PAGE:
The top challenges are symptoms of having disconnected quality systems and data sources across the enterprise, and they are best overcome by consolidating and integrating IT efforts across the value chain. Without this integration, it is typically too expensive and resource-intensive to get a holistic picture of the cost of quality and effective quality metrics. EQMS can help organizations bridge the gap between disparate quality systems and data sources and enhance the ability to effectively measure quality metrics.

Taking on challenges

EQMS software can help organizations achieve this big-picture visibility with a platform approach that supports cross-functional communication and collaboration on various quality issues. The solution automates traditionally manual processes such as compliance management, audit management and supplier quality management, allowing standardized instances of those processes to be deployed across the enterprise.

Organizations typically choose to globally standardize with EQMS only those processes that deliver substantial synergies at the enterprise level. For this reason, methods for deploying EQMS tend to be unique to each organization.

LNS Research has seen consistency in some of the highest implementation rates, however, with functionalities such as corrective and preventive actions (CAPA) and document management. Because CAPA is so widely used, it generally makes sense to deploy it across the enterprise with EQMS. Delivering CAPA with EQMS drastically reduces enterprise risk, and similar benefits are being experienced with other EQMS functionalities as well.

As more quality executives see the potential return on investment from standardizing quality processes that benefit their organizations on a single platform, EQMS implementations are expected to rise, which the survey data also shows. The survey asked quality executives about adoption rates of EQMS, as well as those of more commonly implemented enterprise solutions such as enterprise resource planning (ERP) and business intelligence (BI) for perspective. Though only about 20% said they had currently implemented EQMS software functionalities, 27% said they were in the planning stages of an EQMS implementation (see Online Figure 2).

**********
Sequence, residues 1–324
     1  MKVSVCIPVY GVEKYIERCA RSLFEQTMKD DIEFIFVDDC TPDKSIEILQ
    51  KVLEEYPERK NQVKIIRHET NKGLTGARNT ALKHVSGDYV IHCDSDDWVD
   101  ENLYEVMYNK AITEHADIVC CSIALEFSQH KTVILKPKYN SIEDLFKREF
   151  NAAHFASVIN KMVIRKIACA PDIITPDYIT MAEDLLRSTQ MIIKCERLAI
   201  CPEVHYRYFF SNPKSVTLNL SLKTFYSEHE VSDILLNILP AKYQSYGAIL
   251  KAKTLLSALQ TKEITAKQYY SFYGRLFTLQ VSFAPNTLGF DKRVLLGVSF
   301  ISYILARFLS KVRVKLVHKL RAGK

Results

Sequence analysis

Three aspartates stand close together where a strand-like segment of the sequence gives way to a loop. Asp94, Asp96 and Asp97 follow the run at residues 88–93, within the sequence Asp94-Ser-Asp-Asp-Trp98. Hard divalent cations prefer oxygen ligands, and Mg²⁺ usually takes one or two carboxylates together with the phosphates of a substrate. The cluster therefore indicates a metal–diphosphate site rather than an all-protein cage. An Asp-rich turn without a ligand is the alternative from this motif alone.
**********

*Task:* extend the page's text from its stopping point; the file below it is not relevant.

Online Figure 2

Contrast this with ERP and BI, which both had higher current adoption rates at about 75% and 40%, respectively, but also had a lower percentage of survey respondents in the planning stages. About 15% of survey respondents replied that an ERP implementation was in the planning stages, and about 18% were in the planning stages for BI. These data are indicative of potential growth of the EQMS space in the near future, and of the value quality executives and technology decision makers are seeing in its functionality.

EQMS and operational metrics

Users of EQMS applications reported measurable improvements in several operational metrics, such as overall equipment effectiveness (OEE), a holistic business measurement that includes quality, efficiency and asset availability.

According to the survey, respondents who implemented EQMS software experienced a median OEE that was 8.5% higher than that of organizations without EQMS functionality.